Making forestry safer
Improving forest worker safety and performance to benefit both workers and industry is the focus of Scion's human factors scientists. New harvesting systems, robotics and insights into human behaviour all offer potential to reduce the dangers of working in high-risk situations.
Safer forest systems
Understanding the interactions between people and their environment in the complex high-risk forestry industry will improve both safety and performance.
We are using human factors research to address the many challenges involved in manual harvesting. This work will be complemented by a review of human factors and research priorities in allied industries (aviation, oil and gas, mining).
Our findings will be used to develop a research strategy together with industry, and to investigate the risks across the forestry value chain that may affect productivity, or worker health and wellbeing.
Read about the human factor of forest safety.
With an increasing percentage of New Zealand’s forests on steep terrain ready to harvest, we are helping industry with a number of mechanical, robotic, remote control and tele-operated technologies to ensure the safety of forestry workers.
Scion works with industry partners to develop technologies that are designed specifically for New Zealand conditions. Some examples include:
- The Cable Harvest Planning System (CHPS) software that provides access to detailed information about the terrain, and other day-to-day management activities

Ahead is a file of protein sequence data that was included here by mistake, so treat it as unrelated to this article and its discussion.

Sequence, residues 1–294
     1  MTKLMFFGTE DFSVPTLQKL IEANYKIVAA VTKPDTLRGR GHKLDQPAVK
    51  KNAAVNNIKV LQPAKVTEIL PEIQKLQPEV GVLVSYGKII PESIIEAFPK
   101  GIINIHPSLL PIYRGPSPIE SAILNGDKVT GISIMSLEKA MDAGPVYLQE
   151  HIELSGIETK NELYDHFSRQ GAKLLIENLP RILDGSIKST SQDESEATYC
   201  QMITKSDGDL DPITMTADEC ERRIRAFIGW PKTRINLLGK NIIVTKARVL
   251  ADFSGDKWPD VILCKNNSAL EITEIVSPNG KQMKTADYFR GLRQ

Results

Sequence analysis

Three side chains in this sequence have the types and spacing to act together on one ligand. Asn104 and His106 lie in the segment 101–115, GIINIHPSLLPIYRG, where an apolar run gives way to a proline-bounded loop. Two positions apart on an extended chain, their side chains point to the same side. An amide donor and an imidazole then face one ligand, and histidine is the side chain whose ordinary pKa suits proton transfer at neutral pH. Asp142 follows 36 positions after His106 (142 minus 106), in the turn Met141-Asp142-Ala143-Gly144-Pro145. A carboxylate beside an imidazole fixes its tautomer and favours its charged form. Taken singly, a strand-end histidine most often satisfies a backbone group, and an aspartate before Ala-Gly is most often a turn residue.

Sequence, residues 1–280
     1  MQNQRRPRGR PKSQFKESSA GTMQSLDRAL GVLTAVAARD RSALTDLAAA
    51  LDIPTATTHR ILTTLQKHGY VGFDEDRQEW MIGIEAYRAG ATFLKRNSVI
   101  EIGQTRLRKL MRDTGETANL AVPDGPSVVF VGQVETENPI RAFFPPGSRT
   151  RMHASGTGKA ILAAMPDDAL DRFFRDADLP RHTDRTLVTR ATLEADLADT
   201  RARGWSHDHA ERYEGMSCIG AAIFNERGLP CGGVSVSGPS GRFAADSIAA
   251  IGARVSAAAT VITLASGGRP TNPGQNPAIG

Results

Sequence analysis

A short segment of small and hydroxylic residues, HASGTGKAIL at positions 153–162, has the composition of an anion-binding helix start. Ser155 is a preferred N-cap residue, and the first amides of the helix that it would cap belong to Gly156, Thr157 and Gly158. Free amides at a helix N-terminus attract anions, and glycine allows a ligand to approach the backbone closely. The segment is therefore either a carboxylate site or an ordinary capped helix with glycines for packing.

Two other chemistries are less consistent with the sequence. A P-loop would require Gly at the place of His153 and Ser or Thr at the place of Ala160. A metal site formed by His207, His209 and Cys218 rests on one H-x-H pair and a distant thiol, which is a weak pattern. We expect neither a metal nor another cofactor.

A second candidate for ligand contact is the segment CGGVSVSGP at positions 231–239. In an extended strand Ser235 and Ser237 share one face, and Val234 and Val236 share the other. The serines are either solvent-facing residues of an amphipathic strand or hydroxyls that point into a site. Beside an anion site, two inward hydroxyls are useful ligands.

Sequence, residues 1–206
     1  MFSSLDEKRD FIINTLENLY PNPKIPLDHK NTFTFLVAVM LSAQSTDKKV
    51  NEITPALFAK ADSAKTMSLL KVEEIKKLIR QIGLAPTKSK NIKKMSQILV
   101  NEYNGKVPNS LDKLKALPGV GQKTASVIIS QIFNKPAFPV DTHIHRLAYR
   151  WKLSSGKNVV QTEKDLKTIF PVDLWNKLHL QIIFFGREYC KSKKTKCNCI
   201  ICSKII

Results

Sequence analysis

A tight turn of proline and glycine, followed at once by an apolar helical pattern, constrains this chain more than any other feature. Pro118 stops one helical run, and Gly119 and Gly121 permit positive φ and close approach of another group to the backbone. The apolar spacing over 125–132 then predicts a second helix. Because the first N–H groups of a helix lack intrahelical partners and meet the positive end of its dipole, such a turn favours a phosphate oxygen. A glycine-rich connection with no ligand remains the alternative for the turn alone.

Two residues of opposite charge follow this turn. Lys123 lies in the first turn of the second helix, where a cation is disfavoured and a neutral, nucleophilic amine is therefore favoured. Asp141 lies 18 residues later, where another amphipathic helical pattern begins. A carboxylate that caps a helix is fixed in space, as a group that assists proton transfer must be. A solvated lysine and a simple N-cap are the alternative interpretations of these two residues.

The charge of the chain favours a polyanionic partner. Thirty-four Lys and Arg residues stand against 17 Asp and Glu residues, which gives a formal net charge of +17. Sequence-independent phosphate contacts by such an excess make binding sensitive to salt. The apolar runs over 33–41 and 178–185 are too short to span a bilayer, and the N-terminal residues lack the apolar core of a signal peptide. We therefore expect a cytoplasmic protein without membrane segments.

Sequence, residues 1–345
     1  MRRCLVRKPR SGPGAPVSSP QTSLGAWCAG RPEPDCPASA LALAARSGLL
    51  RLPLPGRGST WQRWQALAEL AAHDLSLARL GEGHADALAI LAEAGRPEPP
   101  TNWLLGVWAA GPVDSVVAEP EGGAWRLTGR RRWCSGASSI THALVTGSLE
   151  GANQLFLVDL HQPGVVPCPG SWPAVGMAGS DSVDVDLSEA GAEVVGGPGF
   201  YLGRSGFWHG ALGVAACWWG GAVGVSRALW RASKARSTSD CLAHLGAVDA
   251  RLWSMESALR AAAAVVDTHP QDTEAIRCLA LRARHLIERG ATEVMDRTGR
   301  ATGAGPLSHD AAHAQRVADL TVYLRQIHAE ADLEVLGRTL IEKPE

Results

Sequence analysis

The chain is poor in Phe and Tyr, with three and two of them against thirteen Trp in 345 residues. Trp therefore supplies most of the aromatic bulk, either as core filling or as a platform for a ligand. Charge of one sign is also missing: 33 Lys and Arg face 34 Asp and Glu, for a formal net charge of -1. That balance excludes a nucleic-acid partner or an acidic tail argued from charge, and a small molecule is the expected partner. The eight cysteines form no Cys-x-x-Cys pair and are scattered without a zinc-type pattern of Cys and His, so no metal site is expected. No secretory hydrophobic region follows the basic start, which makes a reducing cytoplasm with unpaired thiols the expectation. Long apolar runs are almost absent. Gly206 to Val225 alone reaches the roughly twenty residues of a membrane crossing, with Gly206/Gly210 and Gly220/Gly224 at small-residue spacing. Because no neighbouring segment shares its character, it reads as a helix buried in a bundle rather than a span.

- A prototype hydraulic-based hauler grapple designed to make grapple yarding technology more accessible for steepland, high-risk extraction
- Remote control, and tele-operated steep slope felling machines
- CutoverCam hauler vision system
- Robotic tree-tree mobility platforms to perform forestry operations on steep terrain.
Peter Clinton, Scientist, Microbial Ecology - Soil Systems
Tree-to-tree swinging robot
A remote-controlled, tree ‘swinging’ robot modelled on stick insects and spider monkeys is an example of technology that could revolutionise the way steepland forests are managed and harvested. The robot was developed by Scion in partnership with the University of Canterbury, Future Forests Research and the Ministry for Primary Industries.
The mobility platform is lightweight but robust, and can move using the trees as supports. Its full weight is supported by grippers on the end of each arm so it does not contact the ground at all. Work to incorporate sensors for measuring tree diameter, and custom-built saws for felling is ongoing.
The robot won a national engineering award from the Institution of Professional Engineers (IPENZ) in 2014.
Watch the development of the robot [YouTube]
Richard Parker, Scientist, Additive Manufacturing and Emerging Technologies